Projects Released This Decade: Pink Friday, Pink Friday: Roman Reloaded, The Pinkprint, Queen
Biggest Billboard Hits This Decade: “Anaconda,” “Super Bass,” “Till the World Ends,” “FEFE,” “Bang Bang”

As much as it may pain some people to admit it, Nicki Minaj is the most important female rapper of this decade—and quite possibly of all time. She kickstarted her historic decade with a feature on Kanye West’s “Monster,” which represented a career-defining moment and an introduction to the larger-than-life imagination of Nicki Minaj. After conjuring up breathless anticipation for her studio debut with a string of stellar guest performances on Ludacris’ “My Chick Bad,” Usher’s “Lil Freak,” and Trey Songz’s “Bottoms Up,” Nicki released Pink Friday. The album showcased her knack for dramatic alter egos (“Roman’s Revenge”), clever punchlines (“Did It On’em”), and melodramatic singing (“Your Love,” “Right Thru Me”). It was a departure from her previous mixtape, Beam Me Up Scotty, with less hardcore Queens raps and more theatrical bars, and her oversized personality shone brightly enough to inspire a generation of girls who followed her every move (right down to the pink hairstreak). Pink Friday just missed the top of the Billboard 200, debuting at No. 2 on the chart, but it achieved the second-highest sales week ever for a female hip-hop artist, behind Lauryn Hill’s The Miseducation of Lauryn Hill.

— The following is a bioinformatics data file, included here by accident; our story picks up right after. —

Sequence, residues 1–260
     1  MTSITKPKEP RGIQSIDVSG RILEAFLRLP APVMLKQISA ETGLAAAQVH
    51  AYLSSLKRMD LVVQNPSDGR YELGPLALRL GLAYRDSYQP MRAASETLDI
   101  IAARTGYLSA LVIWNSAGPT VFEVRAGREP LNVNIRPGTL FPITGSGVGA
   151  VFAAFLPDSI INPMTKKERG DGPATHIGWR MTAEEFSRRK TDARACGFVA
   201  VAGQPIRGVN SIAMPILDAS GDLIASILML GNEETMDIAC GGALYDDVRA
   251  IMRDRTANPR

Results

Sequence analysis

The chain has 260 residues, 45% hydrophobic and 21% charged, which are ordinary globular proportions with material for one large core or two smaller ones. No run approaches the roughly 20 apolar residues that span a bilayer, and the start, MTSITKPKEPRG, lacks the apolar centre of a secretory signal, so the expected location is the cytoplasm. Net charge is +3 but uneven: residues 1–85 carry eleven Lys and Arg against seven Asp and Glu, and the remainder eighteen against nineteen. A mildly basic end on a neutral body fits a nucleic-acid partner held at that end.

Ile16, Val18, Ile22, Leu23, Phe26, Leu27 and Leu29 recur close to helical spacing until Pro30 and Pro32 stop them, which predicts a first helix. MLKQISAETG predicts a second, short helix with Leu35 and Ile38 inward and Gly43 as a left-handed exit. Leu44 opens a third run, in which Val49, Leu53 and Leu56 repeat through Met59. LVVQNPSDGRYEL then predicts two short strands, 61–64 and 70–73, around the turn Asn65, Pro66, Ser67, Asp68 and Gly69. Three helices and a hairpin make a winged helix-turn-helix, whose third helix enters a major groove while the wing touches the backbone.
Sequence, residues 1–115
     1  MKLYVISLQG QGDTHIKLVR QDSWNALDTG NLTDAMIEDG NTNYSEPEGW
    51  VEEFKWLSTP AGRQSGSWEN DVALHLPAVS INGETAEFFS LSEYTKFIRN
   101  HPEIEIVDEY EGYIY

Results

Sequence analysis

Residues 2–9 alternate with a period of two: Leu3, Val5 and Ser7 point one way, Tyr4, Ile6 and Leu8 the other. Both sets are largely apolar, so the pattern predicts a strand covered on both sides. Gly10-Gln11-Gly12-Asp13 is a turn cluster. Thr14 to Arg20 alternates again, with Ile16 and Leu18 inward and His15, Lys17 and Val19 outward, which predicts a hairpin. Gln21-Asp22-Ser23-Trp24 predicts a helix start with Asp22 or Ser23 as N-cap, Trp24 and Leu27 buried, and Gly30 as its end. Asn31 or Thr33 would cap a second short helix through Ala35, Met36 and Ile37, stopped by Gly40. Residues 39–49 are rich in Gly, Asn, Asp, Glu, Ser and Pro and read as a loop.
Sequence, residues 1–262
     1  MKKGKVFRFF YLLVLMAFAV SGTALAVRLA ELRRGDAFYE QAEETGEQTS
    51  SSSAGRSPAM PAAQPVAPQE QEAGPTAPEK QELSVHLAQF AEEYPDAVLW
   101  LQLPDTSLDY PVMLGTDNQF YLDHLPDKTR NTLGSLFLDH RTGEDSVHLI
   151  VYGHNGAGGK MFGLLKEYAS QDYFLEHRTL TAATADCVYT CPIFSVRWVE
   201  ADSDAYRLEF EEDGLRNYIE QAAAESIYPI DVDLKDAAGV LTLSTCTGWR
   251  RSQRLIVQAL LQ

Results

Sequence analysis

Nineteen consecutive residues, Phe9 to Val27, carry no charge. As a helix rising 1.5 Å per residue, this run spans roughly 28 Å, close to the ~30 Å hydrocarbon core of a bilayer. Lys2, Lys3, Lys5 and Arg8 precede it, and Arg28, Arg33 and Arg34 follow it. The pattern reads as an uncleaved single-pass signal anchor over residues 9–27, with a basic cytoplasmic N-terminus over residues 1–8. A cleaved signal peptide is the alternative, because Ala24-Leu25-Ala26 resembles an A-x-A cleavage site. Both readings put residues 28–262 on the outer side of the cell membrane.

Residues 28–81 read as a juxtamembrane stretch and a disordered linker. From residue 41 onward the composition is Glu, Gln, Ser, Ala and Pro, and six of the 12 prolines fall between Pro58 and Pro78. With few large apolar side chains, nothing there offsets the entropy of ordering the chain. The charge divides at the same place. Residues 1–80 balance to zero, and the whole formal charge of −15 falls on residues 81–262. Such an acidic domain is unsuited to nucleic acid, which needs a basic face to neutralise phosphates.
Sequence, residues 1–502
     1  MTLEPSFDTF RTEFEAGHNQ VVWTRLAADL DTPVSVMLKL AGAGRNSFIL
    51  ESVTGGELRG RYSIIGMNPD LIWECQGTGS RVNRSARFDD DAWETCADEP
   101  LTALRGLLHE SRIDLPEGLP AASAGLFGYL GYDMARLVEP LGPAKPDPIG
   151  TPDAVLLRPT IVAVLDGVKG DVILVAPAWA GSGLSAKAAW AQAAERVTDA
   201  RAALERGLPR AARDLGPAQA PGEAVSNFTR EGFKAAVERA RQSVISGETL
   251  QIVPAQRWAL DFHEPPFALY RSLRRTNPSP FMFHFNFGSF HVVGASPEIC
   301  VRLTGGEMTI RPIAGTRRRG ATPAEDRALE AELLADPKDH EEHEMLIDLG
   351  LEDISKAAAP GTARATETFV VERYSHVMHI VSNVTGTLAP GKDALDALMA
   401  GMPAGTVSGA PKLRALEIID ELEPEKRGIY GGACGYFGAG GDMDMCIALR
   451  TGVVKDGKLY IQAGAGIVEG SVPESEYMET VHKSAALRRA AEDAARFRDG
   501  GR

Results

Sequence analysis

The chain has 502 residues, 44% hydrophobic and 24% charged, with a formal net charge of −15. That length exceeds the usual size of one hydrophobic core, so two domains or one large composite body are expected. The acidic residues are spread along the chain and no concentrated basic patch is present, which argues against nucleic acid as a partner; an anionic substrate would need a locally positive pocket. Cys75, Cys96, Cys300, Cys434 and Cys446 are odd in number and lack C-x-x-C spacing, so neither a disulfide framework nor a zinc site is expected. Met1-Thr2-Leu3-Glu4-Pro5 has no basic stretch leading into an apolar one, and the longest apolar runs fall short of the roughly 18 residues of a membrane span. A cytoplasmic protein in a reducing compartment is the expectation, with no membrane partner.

Following that success, Nicki had enough self-confidence and audacity to claim everyone was her son. She also knew how to move through the upper echelons of mainstream music better than most of her peers. If Pink Friday was a foray into pop territories, Roman Reloaded maintained her dominance, further solidifying Nicki’s crossover potential with the international anthem “Starships.” During the two-year gap between her second and third albums, Nicki reminded fans of her early mixtape days, unleashing the all-bars-no-fluff singles “Lookin Ass” and “Boss Ass Bitch.” Then The Pinkprint arrived, concluding her trifecta of Pink albums. This is where Nicki seamlessly connected all of her sides: animated sex appeal on “Anaconda,” braggadocious rhymes on “Only,” and female empowerment on “Feeling Myself.”

The decade ended with a stumble (Queen), but throughout the past 10 years, Nicki Minaj has always been a trendsetter, continuously redefining what it means to be a crossover rapper. She’s also set new standards for women in the music industry, breaking Aretha Franklin’s record for most Hot 100 entries by a solo female artist. With a resume like that, it’s time to put some respect on her name. —Jessica McKinney